US Census Has Valuable Information For Real Estate Investors

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If you are an active real estate investor, then you most likely are aware of the new information that is being released by the US Census Bureau. Their 2010 Census Website is chock full of useful data regarding population growth and movement trends. But there are some other key data that is also highly important for those of us who want to know what’s going on in our local housing markets.

One of the interesting bits of information that I look for when a new Census report is released is the percentage of homes that currently (at the time the census was conducted) stand vacant. I’m not exactly sure how they were able to get this (did they count a home as vacant if nobody answered the door? :)) but it provides for an interesting comparison for different counties in a State.

Take Florida for example. I live in Leon County, Florida, and this is the worst housing market that I have experienced (by far) during my 21 years brokering real estate. The following graph was created from data found on the 2010 US Census Website and it shows some troubling figures.

Florida Housing Vacancy Rates Graph Image

Leon County was the fifth best county (out of 67) in the State, and our vacancy rate was at 10.6%. Unfortunately, the worst county in the State was right here in my region. Franklin County recorded 51% vacancy. Other local counties were nearer the center of all counties reported.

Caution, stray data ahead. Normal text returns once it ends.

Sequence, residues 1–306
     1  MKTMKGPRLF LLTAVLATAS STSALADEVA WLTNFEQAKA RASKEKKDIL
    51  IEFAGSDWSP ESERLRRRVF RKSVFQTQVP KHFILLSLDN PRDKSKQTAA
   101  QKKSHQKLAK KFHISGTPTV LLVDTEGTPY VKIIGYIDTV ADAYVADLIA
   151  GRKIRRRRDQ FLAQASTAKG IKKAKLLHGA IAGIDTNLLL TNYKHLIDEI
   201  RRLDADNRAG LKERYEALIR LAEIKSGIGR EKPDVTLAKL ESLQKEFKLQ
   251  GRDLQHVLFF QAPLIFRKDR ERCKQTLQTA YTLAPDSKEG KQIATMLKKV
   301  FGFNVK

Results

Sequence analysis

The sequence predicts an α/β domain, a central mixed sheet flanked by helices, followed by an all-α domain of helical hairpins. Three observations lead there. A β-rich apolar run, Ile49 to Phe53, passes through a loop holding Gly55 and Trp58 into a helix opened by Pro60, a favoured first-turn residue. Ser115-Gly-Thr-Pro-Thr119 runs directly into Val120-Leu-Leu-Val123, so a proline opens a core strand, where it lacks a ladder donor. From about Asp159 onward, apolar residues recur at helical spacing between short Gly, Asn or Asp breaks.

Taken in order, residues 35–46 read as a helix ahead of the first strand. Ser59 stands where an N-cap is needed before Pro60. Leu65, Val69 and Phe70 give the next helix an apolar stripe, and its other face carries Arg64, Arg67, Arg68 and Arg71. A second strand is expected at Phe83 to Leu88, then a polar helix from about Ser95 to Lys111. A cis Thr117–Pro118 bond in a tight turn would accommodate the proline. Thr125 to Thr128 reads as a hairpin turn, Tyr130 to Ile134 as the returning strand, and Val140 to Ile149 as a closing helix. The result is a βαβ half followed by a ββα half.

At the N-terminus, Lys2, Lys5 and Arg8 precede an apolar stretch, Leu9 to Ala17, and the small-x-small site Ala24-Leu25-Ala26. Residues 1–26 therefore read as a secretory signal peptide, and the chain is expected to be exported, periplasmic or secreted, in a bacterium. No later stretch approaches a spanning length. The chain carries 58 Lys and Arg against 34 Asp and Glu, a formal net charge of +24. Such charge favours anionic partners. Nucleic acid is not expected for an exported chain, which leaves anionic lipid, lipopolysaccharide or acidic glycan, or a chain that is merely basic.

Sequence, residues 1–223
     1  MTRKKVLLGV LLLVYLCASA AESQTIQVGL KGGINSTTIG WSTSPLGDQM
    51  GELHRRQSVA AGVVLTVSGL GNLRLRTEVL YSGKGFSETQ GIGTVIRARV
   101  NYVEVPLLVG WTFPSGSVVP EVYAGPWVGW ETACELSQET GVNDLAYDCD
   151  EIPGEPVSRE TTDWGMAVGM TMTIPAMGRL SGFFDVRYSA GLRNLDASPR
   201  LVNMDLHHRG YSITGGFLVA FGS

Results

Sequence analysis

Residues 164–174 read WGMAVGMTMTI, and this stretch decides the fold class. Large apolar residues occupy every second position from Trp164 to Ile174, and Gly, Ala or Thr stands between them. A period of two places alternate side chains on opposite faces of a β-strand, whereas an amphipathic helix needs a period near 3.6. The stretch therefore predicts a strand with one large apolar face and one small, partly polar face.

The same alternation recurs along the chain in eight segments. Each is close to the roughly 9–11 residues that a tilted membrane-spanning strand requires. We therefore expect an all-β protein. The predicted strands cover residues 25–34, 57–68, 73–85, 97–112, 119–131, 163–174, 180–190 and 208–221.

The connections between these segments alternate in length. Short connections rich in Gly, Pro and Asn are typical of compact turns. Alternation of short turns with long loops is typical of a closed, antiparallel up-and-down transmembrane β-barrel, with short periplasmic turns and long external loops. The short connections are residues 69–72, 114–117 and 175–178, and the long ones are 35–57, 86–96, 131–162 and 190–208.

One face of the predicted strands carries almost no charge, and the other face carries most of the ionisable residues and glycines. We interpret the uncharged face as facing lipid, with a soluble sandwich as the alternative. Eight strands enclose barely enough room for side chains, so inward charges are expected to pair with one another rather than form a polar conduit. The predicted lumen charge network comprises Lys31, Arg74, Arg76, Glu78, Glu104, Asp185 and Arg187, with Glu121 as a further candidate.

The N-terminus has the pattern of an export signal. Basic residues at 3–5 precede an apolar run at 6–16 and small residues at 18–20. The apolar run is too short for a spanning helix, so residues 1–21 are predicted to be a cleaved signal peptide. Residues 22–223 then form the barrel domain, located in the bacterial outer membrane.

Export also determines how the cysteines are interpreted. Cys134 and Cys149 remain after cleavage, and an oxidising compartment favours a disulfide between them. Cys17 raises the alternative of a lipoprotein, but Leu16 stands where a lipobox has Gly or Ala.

What would you do if you lived in a county that had 1 in every 2 homes vacant? 15% of Florida counties have 1 in 3 homes vacant, while overall the State’s vacancy rate is 17.5%. So why is any of this important to a real estate investor?

The fact is that much of the news about real estate has to be gleaned from regional and national market reports. Were I to just read Florida real estate reports, my understanding of vacancy rates would be grossly out of line, because Tallahassee’s rates are far better than the State average.

The same is true for much of what is reported about real estate. The old adage that “real estate is local,” is true for most of what a real estate investor needs to know, so make sure you gain as much local market knowledge as you can if you want to profit in real estate investing.

About Author

Joe Manausa, MBA is a 20+ year veteran of real estate brokerage in the State of Florida and has been investing in real estate since 1992. He is a daily blogger with content that focuses on real estate analytics and investing in the residential market.

5 Comments

  1. Then Census Bureau is helpful to those who are involve with real estate like investors, they all should be updated with the census of different country reported on Census Website. Real estate investor should have more knowledge about marketing.

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